The world is not atomistic or random but made of forms that interlock and are always interlocking, like the elderly couple in Ovid who become trees. Time is the plane that reveals this interlocking, though time is not discrete. You cannot pin it down. Very often you cannot see the point at which things start to come together, the point at which cause generates effect, and this is a variant of the measurement problem. It must also be akin to asking at what point we begin to lose consciousness when we are given an anesthetic, or at what point unconscious material becomes conscious. Where does one cross over into the other? If the tessellation of forms is perfect, do they divide? Or are they one?


In the third century of the Roman occupation, people buried money for safekeeping, so wary were they of political instability and the possibility of tribal insurrection. Favorite burial places were woodlands, the natural shrines of outcrops, and waterfalls; springs and high ground. I read of this in Jacquetta Hawkes’s invaluable history of these islands. The Romans borrowed the traditions of the late Iron Age natives and burying wealth became not merely a rite of propitiation but an act of generosity, not a symbol of something but a self-contained reality, as important as the giving of oneself to the day, every day. Into the ground they went—bags of coins, silver denarii, gold solidi, pots of chaff, figurines of fauns and satyrs, phalluses, antlers, votive objects, brooches, spearheads, bridle rings, weapons and shields, and cauldrons of course. The cradle of the feast. It is difficult, after the cataclysm, to retrieve one’s thinking at the time, but when war was declared I, too, amassed my savings, or a goodly chunk of them, and bought two silver ingots and buried them. I did not find them again. I have them not, and yet I believe that they still exist somewhere and that they are of value. The evidence is lacking and I appear not to be interested in the evidence after all: my belief is that I have lost something of value. If only we could believe we were just carbon and water, we could leave life behind very phlegmatically, but belief gets in the way. Because: what is belief?


Living on your own makes you more tolerant of people who say strange things. I met a dog walker on the common recently who greeted me as I rounded the bandstand as if I were a close friend returning to her side after a trip to the toilet. She looked over the misty grass and said casually, “This is where I scattered my father’s ashes.” I suppose she was in some sort of pain. Pain is the invisible companion. At the fairground, where I met Cyril, there were the remains of freaks—strong men and a boxing booth with a poor giant of a man soaking up the most dreadful punishment, but also a woman with hyperextended limbs. Freaks live in pain, as do most sporting types and ballet dancers. So much of real life is invisible.


These are notes to pass the time, because I am in a certain amount of discomfort. I suppose it is fear, and keeping a partial journal distracts me. But I am also drawn to the pulse of that fear, a beat, an elevated heart rate—and something more than that, which comes through the thinking and is a sort of rhythmic description of my state of mind, like someone speaking quickly and urgently on the other side of a door.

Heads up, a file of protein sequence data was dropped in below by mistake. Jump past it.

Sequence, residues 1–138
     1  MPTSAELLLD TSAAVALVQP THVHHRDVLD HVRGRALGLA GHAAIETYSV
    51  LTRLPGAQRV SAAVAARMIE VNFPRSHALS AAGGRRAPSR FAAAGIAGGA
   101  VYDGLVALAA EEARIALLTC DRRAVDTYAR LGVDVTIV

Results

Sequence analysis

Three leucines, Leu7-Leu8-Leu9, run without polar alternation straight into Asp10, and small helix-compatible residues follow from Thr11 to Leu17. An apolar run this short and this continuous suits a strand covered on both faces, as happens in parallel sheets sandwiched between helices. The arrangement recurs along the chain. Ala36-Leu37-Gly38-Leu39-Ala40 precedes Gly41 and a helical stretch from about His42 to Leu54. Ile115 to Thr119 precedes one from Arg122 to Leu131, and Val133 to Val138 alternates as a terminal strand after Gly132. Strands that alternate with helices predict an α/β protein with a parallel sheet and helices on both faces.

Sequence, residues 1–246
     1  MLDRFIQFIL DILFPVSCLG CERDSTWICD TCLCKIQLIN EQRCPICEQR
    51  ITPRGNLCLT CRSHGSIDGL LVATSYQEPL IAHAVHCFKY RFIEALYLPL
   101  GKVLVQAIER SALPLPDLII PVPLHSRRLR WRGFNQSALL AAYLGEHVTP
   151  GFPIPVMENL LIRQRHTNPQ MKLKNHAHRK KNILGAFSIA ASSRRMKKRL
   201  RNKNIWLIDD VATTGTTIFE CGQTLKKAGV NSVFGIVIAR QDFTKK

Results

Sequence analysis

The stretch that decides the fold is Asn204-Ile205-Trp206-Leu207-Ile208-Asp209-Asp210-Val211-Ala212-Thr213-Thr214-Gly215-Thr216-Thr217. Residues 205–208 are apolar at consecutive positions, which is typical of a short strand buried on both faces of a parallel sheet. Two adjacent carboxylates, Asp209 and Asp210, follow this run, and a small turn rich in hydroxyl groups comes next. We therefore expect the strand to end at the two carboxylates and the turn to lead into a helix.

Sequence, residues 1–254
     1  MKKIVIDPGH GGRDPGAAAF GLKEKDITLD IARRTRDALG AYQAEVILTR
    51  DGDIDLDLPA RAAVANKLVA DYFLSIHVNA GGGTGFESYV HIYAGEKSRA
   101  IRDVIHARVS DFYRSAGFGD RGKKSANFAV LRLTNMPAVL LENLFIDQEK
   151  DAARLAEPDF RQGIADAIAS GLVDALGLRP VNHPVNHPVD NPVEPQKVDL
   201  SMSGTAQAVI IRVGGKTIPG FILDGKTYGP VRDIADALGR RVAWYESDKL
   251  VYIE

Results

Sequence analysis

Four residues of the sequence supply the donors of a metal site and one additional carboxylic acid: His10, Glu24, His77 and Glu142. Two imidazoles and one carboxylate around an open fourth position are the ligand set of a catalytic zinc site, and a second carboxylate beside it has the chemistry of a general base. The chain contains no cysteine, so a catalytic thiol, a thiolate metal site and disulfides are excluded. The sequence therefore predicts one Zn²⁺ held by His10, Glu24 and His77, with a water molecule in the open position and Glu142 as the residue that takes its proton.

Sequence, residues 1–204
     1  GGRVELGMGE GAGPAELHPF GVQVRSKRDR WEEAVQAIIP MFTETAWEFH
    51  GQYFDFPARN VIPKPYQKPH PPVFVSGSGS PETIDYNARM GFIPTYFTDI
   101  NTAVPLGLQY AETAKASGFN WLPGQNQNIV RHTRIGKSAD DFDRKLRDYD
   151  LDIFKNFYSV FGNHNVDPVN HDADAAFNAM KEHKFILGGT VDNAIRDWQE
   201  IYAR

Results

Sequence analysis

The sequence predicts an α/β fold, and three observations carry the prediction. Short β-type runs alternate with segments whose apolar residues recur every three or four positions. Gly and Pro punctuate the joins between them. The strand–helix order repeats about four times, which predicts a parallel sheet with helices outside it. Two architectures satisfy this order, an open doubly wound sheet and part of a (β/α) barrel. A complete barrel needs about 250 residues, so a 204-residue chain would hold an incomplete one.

I know that Pythagoras is said to have delivered his lectures from behind a screen. The separation of a voice from its origin gave him a wonder-inducing authority, apparently. Perhaps he was shy. Or ugly. Anyway, I’ve never had this experience before. This morning I could hear the inner murmuring accompanying trivial actions: “I’m up early, it’s dark outside, the path I laid haphazardly with my own hands is now a frosted curve. I put some crumbs down for the blackbird singing on my neighbor’s chimney pot. Beyond my garden gate a road, beyond that fields speeding away toward the tree-lined hills and crocus light. I wait beside a bare rowan, its berries taken by the blackbird and her brood, the wood pigeons and jays.” And then again, moments later, when I caught myself looking back at the garden through the doorway: “He passes through the silent streets, across wet roofs and closed faces, deserted parks. He moves among the trees and waiting fairground furniture.”

The error is supposed to be “looking back,” isn’t it? Poor Orpheus, etc.

Of course, it has occurred to me that the balance of my mind is disturbed, just as it has occurred to me that I am reckoning with a deliberate retreat from the world, a passing out of sight into, well, invisibility. What lesson might that passage have for me? It is an extension of my preference for anonymity, I suppose. It is commonly said, or felt if it is not said, that people respect others of importance who have achieved things or held office; but it is a curious fact that self-respect is often found to exist in inverse proportion to public status. It has learned to pass nights alone. It does not seek approval because it knows that estimation has nothing to do with achievement.


Though it is doubtless an impolitic thing for a materialist to admit, I cannot help wondering if the real nature of mind is that it is unencompassable by mind, and whether that Godelian element of wonder—at something we know we have, but cannot enclose—may not be the chief criterion of consciousness.


There is a picture book in the Royal Infirmary waiting room. I think it is an attempt to improve me, or to give the sickly reasons to get well (art, culture, all of it waiting to be appreciated!) should medicine struggle to oblige. It contains a reproduction of Poussin’s The Triumph of David. I was struck by the painting, which I did not know. In particular I was struck by the fact that the young Israelite and the waxy outsized head of Goliath, the slain Philistine, wore similar expressions. They seemed sad, as if they had glimpsed, beyond the immediate joy and horror, echoes of the act in history—its wave-like propagation of revenge.